Adding a handful of nuts to your diet could help you keep off those extra pounds.

It's sad but true: U.S. adults gain about one pound every year on average and are often surprised when those pounds mount up. Eating too much and exercising too little are certainly part of the problem, but there's also been a keen interest in the habits of people who have managed to keep weight off throughout the years.

A review of over 20 years worth of diet information points to eating nuts as one of those habits.

Nuts aren't usually thought of as diet food because they're high in calories and fat. But many studies have found that eating them doesn't seem to lead to weight gain. The current study suggests that nuts may actually help ward it off and also offers some possible explanations of how they might do so.

People who increased the amount of nuts in their diet — any type of nuts — were likely to gain less weight over the years and were also less likely to become obese.

In three separate studies that each spanned 20 or more years and looked at nearly 400,000 people in total, several different findings linking eating more nuts to less weight gain emerged.

In all three studies people reported their weight every four years, along with how often they had eaten a serving (one ounce) of nuts during the previous year, including peanuts and peanut butter. The researchers then compared how people's weight changed four years later with their reported nut eating habits.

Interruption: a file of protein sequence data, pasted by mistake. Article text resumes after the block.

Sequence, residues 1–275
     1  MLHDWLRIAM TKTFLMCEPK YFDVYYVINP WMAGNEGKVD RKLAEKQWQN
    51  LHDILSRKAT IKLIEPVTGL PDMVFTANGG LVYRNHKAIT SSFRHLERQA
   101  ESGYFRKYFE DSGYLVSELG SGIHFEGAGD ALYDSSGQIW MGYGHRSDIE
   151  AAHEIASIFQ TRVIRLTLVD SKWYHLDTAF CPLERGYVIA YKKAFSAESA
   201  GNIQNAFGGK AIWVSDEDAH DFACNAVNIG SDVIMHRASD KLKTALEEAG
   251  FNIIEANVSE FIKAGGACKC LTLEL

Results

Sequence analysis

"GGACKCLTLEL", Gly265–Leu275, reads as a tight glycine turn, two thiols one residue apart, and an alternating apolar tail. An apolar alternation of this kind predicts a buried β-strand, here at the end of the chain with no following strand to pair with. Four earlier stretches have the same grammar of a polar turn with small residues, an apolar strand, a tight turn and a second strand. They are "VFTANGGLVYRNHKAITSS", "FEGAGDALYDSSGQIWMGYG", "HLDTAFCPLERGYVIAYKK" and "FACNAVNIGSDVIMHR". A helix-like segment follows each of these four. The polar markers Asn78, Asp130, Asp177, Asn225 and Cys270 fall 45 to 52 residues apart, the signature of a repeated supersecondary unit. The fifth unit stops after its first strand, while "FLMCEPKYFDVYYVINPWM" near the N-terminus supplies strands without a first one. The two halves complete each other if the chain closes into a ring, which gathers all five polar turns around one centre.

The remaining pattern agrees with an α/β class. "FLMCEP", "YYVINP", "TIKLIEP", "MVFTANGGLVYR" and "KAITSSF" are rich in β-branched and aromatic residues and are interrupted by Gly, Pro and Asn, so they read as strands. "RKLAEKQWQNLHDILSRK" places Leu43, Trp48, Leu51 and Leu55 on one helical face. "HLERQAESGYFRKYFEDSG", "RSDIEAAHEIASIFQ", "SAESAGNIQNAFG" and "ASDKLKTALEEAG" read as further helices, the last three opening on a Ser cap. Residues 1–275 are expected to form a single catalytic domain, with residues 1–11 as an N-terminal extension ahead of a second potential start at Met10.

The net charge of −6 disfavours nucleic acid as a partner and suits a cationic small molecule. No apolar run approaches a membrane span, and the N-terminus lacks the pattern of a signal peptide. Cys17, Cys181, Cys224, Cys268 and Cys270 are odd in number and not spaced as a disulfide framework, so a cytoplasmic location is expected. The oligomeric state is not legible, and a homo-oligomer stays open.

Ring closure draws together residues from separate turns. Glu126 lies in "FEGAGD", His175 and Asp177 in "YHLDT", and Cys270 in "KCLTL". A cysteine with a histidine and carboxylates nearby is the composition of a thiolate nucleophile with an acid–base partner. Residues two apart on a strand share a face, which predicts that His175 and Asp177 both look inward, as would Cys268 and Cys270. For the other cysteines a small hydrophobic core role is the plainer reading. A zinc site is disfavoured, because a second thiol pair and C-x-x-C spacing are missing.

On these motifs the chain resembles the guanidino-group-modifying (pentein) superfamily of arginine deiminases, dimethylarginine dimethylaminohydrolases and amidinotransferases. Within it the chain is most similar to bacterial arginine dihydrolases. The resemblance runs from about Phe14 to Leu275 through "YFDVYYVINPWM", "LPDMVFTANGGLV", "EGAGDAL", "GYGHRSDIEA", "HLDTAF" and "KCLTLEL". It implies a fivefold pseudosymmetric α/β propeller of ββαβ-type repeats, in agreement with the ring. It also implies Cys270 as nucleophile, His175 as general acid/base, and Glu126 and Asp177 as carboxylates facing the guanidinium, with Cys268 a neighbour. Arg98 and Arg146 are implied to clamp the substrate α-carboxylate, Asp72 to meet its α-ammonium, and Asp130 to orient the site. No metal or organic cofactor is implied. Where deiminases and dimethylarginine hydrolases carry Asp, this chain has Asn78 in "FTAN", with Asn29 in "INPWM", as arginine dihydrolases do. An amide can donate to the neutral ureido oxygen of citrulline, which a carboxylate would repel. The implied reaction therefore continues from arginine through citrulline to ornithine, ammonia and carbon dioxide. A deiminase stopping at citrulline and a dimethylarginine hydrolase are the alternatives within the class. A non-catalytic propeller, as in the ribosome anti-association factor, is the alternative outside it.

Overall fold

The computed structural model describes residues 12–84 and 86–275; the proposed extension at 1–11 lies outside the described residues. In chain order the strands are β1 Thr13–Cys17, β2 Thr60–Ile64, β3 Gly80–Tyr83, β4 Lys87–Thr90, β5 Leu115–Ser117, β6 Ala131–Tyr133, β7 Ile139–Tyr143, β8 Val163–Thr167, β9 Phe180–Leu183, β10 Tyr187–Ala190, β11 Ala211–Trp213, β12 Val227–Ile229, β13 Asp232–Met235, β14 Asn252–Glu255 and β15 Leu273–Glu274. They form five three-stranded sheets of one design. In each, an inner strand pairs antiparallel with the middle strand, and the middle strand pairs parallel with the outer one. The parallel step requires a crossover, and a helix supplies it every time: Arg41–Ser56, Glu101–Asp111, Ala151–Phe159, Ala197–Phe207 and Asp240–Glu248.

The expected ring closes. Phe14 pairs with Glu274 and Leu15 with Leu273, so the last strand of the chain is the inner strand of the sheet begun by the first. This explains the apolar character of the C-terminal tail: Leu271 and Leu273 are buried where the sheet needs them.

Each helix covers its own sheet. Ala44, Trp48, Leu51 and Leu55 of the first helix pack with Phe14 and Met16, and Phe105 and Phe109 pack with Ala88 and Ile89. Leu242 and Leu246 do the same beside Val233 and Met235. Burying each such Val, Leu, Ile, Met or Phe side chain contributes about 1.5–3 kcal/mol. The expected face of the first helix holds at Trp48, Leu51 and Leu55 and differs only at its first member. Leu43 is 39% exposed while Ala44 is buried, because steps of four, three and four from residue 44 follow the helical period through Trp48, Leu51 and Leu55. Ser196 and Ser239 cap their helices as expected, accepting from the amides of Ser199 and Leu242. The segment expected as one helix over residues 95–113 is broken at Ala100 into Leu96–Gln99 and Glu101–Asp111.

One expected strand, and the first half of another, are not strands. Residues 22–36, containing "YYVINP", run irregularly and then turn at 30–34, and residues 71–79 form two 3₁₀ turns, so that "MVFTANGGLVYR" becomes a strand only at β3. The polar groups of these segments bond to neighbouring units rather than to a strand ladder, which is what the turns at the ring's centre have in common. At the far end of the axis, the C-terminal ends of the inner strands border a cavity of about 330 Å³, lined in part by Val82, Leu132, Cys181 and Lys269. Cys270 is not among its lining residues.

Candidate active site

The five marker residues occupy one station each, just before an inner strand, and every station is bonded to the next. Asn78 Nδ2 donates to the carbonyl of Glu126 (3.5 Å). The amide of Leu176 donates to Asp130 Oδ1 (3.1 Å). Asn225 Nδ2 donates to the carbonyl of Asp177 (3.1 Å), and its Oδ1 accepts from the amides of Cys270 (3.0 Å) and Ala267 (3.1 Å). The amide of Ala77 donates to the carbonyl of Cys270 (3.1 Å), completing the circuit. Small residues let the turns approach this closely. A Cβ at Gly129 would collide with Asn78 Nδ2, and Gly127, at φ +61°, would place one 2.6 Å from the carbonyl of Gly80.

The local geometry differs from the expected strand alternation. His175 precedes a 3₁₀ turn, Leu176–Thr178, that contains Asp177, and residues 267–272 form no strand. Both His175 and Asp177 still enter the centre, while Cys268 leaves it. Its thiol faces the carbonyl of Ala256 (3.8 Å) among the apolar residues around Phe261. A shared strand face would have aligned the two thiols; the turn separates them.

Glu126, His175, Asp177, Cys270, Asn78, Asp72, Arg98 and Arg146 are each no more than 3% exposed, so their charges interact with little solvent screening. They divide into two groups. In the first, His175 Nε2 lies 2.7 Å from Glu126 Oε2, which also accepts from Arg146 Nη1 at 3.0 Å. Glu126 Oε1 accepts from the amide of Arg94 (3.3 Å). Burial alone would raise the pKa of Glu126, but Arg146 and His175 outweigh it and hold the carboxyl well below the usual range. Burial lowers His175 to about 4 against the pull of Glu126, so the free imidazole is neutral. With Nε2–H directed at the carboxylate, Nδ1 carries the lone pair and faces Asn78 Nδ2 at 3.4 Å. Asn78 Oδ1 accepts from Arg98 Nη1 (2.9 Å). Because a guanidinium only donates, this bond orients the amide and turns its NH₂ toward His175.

Specifically, they studied what happened when people increased the amount of nuts they ate.

Probably the simplest finding was that people who increased the amount of nuts in their diet — any type of nuts — were likely to gain less weight over the years and were also less likely to become obese.

Effects were strongest for walnuts and other tree nuts, but also held true for peanuts, though to a lesser degree. Unfortunately, they did not happen with peanut butter, so peanut butter and jelly sandwiches don't seem to be the answer to keeping off weight.

Another finding was that when people who hadn't been eating nuts started eating at least half a serving (half an ounce), they tended to gain about a pound and a half less in the next four years compared to people who weren't eating any nuts. And once again, they were less likely to become obese — 16 percent less likely.

Both findings held true even after taking into account differences in diet and lifestyle, such as exercise and alcohol consumption.

The study, by researchers from Harvard University's T H Chan School of Public Health, Brigham and Women's Hospital and Harvard Medical School, doesn't prove that eating nuts was responsible for people gaining less weight, but it does show a strong relationship — people who ate more nuts did tend to gain less weight.

As to why calorie-dense nuts might help stave off extra pounds, the authors offer several possible reasons. One is that the fiber in nuts binds to some of the fat during digestion and stops the body from absorbing it. The fiber also tends to make people feel fuller than they might after eating other high-fat foods that are low in fiber. And then there's all that chewing.

On a more practical note, replacing foods like desserts or potato chips with nuts may be a simple strategy to help prevent long-term weight gain. In this study, replacing French fries with nuts worked particularly well. You may still have to watch how many nuts you eat, but they can be a satisfying and nutrient-rich way to curb hunger.

For more details, see the article in BMJ Nutrition, Prevention & Health.